We finished up by doing the same figure eight pattern over crossrails I had set up from my last ride. We just trotted them since Bridget was excited to finally get to go over them and we more wanted to remind her they are no big deal and continue working on keeping her balanced through changes of bend and being a little less heavy in my hand. In  my baiased opinion, I think she rocked it - we had a gorgeous floaty trot and she was really pushing along with her hind end and carrying herself - the earlier stiffness was gone and my shoulder thanked her. 

I know this is a big long detailed lesson recap and you`re probably wondering what exactly gives it best lesson status. I hope you`ll understand when I say it was all in how my ride "felt". It felt like she was totally with me a lot of the time. It felt like it was effortless, now and then. It felt she was carrying herself for minutes at a time. No more being excited about a moment - there were multiple minutes! And best of all, it felt like she was committed to giving me her best, After all our struggles this winter, that's a huge and unexpected treat. I'm sure our readers have read between the lines and figured out just how tough and independent (and frustrating!) this little mare can be, so even the small successes mean a huge amount to me. To have a few breakthroughs all in the same lesson qualifies for 'best ever' status!



6 comments:

  1. There's nothing better than having a great, confidence building, we're really don't suck lesson! Kudos!!

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  2. yay - there's so much good stuff here, esp that last paragraph! it must feel so rewarding to have little Ms Midge stepping up her game like this :) also i kinda giggled at the 'pony magnet' imagery, but hey, whatever works right??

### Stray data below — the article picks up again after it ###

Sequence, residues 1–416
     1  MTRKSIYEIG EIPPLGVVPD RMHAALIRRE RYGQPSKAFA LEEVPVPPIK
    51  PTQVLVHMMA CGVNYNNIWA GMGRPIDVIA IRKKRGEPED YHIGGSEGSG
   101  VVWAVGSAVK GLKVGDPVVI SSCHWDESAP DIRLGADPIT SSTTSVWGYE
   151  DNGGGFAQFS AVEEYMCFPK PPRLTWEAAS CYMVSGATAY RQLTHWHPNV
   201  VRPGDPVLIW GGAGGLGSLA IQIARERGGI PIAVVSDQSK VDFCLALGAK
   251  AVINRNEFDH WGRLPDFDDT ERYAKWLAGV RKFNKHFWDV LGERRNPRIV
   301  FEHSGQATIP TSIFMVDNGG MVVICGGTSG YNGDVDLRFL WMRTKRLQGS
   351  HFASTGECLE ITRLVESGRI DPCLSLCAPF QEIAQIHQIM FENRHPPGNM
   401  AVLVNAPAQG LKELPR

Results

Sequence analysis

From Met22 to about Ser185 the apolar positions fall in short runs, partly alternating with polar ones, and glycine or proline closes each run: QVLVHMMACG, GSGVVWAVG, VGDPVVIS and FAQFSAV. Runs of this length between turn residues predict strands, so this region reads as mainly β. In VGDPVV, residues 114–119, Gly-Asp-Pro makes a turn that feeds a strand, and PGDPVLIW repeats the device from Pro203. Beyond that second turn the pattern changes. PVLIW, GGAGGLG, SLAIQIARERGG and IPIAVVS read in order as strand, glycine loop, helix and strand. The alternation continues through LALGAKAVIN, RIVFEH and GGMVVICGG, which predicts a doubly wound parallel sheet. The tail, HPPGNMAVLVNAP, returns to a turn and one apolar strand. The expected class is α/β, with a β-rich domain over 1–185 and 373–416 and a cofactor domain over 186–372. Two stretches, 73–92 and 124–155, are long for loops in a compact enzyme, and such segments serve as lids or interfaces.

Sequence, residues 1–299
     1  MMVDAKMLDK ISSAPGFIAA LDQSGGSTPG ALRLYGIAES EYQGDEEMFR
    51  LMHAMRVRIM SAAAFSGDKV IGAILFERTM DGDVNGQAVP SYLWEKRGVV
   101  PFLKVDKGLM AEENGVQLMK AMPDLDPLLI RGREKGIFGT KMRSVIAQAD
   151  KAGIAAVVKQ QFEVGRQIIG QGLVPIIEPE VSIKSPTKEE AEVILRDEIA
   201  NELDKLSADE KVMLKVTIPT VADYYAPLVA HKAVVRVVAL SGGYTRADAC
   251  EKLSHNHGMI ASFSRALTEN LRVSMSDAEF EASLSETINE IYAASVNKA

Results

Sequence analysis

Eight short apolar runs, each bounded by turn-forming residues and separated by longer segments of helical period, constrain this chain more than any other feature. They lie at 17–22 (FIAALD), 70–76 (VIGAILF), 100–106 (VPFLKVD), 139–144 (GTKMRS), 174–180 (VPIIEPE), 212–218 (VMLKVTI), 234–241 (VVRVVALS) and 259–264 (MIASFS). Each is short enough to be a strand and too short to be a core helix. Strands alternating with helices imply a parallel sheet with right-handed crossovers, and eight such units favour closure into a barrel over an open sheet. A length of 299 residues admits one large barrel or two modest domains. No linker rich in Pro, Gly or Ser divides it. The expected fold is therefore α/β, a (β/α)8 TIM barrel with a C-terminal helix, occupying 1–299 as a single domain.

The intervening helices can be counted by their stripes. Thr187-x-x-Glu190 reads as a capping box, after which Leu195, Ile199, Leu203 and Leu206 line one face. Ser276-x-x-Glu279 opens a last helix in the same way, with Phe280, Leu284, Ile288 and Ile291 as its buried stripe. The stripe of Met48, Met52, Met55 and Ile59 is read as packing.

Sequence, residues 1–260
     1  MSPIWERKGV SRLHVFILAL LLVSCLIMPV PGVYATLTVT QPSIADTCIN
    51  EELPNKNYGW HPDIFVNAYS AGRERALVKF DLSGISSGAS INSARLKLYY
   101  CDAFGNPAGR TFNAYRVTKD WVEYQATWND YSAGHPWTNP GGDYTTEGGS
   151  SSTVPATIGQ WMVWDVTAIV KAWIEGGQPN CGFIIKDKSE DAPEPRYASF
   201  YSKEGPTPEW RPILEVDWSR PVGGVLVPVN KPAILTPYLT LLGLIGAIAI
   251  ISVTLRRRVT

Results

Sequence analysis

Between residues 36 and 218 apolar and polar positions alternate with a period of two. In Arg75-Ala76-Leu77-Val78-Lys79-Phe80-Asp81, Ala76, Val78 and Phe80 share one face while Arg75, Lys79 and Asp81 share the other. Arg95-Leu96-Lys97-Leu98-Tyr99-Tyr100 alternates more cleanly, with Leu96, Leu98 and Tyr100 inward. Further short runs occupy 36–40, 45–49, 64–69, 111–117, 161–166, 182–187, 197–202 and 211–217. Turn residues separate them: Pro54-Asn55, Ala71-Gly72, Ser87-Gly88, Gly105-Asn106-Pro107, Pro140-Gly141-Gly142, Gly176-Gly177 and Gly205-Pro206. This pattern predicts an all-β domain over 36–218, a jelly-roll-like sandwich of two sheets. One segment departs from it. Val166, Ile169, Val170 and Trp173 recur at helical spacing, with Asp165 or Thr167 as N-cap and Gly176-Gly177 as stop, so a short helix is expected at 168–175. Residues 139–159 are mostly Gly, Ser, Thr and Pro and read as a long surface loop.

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  3. These are some great exercises I should practice too! My lack of shoulder control is really becoming apparent these days -- I am a little disappointed in how much I let myself get away with it.

    Sounds like a WONDERFUL lesson and I'm looking forward to seeing THAT canter on the pony! :D

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  4. That is so awesome!!! Way to go! :)

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  5. Oh how I love a good ride and when their brains come together. Go Bridget!

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  6. Woohoo sounds like an awesome lesson, I am so glad you are back to enjoying Miss Bridget and that you are making positive progress in each spin. We ride horses for fun and it sounds like you two are having a blast and will have a fab spring/summer building on the solid foundation laid in the winter ☺